What’s past is prologue
The Tempest, Act II, scene 1

Become a Member to access priority booking

  • Advance priority booking for Patrons: Wednesday 20 June, 10.00am
  • Priority booking for all Friends and Best Friends: Monday 25 June, 10.00am
  • Public booking: Monday 16 July,10.00am

The Theatre at the Hippodrome Casino is being …

The Theatre at the Hippodrome Casino is being transformed into an intimate, state of the art, magical new home for the show which is based on the smash hit films Magic Mike and Magic Mike XXL.

Guests will enter Magic Mike’s mythical club and marvel as a group of extraordinary artists perform a 360-degree dance and acrobatic spectacular in front of, behind, and above their audience.  Sexy dance routines intertwined with one-of-a-kind acts will be presented by a wildly diverse cast of performers from around the world for this hot new production.  Made for a woman’s gaze but directed at a woman’s heart, Magic Mike Live will transport you to a world where the only thing hotter than the men are their unforgettable performances.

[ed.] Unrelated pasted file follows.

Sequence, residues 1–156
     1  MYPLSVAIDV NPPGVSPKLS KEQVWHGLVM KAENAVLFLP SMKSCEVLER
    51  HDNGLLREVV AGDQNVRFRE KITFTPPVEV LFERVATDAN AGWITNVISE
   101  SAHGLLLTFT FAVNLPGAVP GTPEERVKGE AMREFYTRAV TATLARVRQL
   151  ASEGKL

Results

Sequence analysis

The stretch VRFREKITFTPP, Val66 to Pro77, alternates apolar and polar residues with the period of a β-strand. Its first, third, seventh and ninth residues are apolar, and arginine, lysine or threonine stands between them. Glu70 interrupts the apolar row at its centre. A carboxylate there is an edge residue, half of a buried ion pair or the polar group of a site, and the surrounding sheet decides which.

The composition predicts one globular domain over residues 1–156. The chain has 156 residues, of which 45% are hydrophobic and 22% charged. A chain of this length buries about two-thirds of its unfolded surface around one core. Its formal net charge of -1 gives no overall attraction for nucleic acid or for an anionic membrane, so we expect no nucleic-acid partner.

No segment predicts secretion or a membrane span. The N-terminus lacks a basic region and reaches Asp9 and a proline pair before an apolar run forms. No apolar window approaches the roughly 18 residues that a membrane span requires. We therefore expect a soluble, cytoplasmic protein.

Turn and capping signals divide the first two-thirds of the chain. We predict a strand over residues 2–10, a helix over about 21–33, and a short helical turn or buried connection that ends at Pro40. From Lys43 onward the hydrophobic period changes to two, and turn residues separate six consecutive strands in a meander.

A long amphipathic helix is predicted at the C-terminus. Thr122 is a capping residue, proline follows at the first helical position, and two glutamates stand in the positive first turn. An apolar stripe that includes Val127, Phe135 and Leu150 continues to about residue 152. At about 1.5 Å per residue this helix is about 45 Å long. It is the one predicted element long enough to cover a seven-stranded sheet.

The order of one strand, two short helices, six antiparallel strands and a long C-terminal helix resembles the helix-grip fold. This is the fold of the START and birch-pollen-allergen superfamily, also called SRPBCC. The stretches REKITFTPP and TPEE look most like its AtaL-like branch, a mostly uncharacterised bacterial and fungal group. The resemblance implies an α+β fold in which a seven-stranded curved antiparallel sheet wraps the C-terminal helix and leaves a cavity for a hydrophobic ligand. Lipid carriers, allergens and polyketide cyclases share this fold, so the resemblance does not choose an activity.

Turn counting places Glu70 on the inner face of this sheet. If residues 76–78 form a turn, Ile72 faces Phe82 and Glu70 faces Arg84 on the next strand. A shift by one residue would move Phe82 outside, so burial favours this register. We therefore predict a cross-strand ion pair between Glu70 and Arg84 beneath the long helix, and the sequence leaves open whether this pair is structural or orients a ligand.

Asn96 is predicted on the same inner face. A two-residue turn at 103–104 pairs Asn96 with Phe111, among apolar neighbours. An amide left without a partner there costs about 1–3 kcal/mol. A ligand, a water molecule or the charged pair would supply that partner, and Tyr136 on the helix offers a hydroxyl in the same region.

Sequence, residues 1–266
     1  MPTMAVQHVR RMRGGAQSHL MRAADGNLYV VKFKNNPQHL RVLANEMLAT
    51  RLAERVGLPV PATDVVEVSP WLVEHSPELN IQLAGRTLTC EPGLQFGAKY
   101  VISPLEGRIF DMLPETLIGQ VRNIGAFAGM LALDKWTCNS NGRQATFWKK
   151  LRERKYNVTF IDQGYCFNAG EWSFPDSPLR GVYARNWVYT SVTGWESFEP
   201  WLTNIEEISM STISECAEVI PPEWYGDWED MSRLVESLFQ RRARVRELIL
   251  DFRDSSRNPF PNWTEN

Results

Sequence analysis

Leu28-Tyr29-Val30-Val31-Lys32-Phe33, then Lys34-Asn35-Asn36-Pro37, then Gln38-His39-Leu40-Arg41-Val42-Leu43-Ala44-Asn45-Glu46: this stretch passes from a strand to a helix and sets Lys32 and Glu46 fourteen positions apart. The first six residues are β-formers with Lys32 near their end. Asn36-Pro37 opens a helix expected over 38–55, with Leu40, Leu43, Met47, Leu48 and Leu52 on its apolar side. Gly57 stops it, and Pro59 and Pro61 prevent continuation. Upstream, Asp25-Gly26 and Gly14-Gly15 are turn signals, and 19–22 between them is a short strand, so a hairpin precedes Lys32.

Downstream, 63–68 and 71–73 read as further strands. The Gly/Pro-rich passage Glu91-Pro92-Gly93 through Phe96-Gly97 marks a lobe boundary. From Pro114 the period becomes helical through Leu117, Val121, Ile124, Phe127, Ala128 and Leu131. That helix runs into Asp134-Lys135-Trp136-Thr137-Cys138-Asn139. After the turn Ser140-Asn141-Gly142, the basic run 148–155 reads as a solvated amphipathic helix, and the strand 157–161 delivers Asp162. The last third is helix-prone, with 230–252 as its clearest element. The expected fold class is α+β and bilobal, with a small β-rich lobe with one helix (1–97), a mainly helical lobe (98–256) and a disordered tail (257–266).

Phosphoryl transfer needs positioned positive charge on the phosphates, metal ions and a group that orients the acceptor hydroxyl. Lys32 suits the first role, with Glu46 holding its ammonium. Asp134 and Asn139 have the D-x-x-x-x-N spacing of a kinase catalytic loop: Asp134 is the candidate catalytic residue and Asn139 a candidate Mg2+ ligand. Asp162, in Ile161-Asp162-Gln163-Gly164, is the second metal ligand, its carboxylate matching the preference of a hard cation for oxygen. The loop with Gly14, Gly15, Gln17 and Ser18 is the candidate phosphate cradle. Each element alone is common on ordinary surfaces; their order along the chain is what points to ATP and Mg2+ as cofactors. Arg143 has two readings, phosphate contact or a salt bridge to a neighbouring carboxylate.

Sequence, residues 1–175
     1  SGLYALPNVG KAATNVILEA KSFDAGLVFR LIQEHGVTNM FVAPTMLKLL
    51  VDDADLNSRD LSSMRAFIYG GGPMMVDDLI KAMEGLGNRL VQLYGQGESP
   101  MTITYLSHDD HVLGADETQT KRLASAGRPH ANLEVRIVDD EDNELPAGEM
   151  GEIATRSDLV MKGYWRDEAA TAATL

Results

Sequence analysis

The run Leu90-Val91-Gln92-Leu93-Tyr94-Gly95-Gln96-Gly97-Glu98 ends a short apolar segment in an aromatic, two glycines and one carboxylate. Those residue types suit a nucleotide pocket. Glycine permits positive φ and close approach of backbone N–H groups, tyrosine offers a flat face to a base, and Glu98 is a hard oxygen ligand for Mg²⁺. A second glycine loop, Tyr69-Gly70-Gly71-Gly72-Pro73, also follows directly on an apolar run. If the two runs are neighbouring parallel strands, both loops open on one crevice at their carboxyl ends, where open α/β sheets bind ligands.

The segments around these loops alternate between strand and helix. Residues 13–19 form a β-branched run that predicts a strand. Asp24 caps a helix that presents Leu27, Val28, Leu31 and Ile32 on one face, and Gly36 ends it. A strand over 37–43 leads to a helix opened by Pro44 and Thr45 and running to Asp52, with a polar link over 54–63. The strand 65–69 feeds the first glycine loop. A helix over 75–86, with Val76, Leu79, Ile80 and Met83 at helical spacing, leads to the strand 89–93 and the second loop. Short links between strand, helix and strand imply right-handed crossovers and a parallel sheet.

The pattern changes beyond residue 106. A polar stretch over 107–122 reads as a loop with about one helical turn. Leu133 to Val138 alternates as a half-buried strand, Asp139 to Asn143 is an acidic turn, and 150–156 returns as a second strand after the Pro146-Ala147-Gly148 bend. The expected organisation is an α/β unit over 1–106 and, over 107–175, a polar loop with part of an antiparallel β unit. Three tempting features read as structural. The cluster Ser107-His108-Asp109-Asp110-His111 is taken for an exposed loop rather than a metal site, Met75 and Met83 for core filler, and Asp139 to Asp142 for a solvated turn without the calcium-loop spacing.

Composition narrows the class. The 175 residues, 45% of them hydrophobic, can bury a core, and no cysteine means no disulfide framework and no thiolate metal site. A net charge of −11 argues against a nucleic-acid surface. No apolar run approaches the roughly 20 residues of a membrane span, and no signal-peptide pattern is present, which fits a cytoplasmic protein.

Empowering and exhilarating, Magic Mike Live is a scorching, immersive, dance and acrobatic spectacular that will leave you breathless. Whether you’re looking for the perfect date night or an unforgettable girls night out, with this show, the woman is always on top.

Get your tickets at http://magicmikelondon.co.uk

Shakespeare Trilogy on the BBC | Donmar Wareho…

Shakespeare Trilogy on the BBC | Donmar Warehouse:

sunrayravine: